Dave Meslin in 1993.
On February 15th, activist extraordinaire Dave Meslin delivered an 85-minute talk at Hart House entitled Flirting With Democracy. He examined the subject of citizen advocacy from a number of angles, sharing the lessons he'd learned from two decades of working for change. (In the interest of disclosure, I should mention that I am friends with Meslin and was one of the people who headed up his Toronto Public Space Committee following his departure from it.)
Here, transcribed and edited, are three of his anecdotes concerning engagement in simple acts of resistance.
A few funny things about the above grad photo: you can see in it that I'm not very happy. Partially because I'm a teenager, and that's my job. Partially because there's a huge zit on the end of my nose.
But I also wasn't happy in this particular moment because there was a table, a small table in the room that had a bouquet of flowers on it - bright red flowers. And I said to the photographer, "What are the flowers for?"
And he said, "Well, those are for the girls. When they do the grad photos of women, they hold the flowers."
I said, "Okay. Can I hold the flowers?"
And he said, "Of course not, I just told you, those are for the women." Like as if I was crazy. Maybe I was, I don't know; I didn't seem so to me. I like flowers.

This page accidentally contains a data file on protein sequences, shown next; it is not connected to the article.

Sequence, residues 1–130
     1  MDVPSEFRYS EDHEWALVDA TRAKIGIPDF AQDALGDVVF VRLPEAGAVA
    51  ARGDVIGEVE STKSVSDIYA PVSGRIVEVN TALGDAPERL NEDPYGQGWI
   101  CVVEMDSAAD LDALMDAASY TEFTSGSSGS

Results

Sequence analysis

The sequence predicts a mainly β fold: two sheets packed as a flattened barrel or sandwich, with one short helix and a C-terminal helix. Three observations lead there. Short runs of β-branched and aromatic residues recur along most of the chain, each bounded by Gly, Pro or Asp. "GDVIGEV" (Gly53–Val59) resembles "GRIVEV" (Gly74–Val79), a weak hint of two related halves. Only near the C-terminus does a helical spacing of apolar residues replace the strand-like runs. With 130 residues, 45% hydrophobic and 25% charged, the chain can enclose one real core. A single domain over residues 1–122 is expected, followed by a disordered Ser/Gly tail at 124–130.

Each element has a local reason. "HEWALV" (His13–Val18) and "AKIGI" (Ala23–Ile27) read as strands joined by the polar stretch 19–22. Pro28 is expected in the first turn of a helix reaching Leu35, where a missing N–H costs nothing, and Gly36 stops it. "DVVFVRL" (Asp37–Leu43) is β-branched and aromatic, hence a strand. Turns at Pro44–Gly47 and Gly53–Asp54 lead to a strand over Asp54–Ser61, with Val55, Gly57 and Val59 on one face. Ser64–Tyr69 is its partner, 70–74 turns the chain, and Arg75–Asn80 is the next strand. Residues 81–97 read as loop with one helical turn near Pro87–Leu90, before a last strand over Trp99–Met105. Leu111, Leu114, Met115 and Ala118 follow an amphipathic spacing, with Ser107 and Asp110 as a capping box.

I wanted the flowers in my photo, so I said, "Come on, let me hold the flowers."
He said, "No, absolutely not, it's only for the women."
And I was really insistent, you know. I think I reminded him that my mom's paying for these photos, so I'm technically the customer, through one degree of separation, and the customer's always right.
And I don't know if it's because of my logic or because I kept harassing him over and over, but eventually...
He allowed me to hold the flowers.
In the 1993 Earl Haig yearbook, I was the only male to hold the flowers (and might still be to this day). And they look good! But most importantly: look how much happier I am.
The moral of the story is that if you stand up and fight for what you believe in, you will be happier.
I was talking to a bunch of high school kids a few years ago, and I was talking about things that matter a lot to me: billboards, ballots, bicycles. "B" things. And they couldn't care less. And I don't blame them: I was older, I was in a different stage of my life and I could tell they started tuning me out.
I was supposed to be talking about civic engagement, so I tried a different approach. I said, "Okay, what do you care about?"
And some of their eyes kind of opened a bit, and they were like, "Oh, no one ever asked me that before."